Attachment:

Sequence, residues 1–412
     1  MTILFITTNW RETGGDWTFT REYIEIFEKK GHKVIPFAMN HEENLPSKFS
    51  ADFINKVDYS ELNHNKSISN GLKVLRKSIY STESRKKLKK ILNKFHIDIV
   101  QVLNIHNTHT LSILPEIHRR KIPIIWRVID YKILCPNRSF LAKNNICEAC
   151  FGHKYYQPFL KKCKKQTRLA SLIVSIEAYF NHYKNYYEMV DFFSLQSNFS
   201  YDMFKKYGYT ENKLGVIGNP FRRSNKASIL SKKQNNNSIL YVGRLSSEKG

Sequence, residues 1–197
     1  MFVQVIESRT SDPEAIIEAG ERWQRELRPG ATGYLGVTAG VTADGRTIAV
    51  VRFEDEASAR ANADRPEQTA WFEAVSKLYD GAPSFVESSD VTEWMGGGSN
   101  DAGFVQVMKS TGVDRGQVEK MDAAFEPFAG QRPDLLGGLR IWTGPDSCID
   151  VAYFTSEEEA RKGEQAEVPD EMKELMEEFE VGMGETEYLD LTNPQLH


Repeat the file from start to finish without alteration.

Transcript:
Sequence, residues 1–412
     1  MTILFITTNW RETGGDWTFT REYIEIFEKK GHKVIPFAMN HEENLPSKFS
    51  ADFINKVDYS ELNHNKSISN GLKVLRKSIY STESRKKLKK ILNKFHIDIV
   101  QVLNIHNTHT LSILPEIHRR KIPIIWRVID YKILCPNRSF LAKNNICEAC
   151  FGHKYYQPFL KKCKKQTRLA SLIVSIEAYF NHYKNYYEMV DFFSLQSNFS
   201  YDMFKKYGYT ENKLGVIGNP FRRSNKASIL SKKQNNNSIL YVGRLSSEKG

Sequence, residues 1–197
     1  MFVQVIESRT SDPEAIIEAG ERWQRELRPG ATGYLGVTAG VTADGRTIAV
    51  VRFEDEASAR ANADRPEQTA WFEAVSKLYD GAPSFVESSD VTEWMGGGSN
   101  DAGFVQVMKS TGVDRGQVEK MDAAFEPFAG QRPDLLGGLR IWTGPDSCID
   151  VAYFTSEEEA RKGEQAEVPD EMKELMEEFE VGMGETEYLD LTNPQLH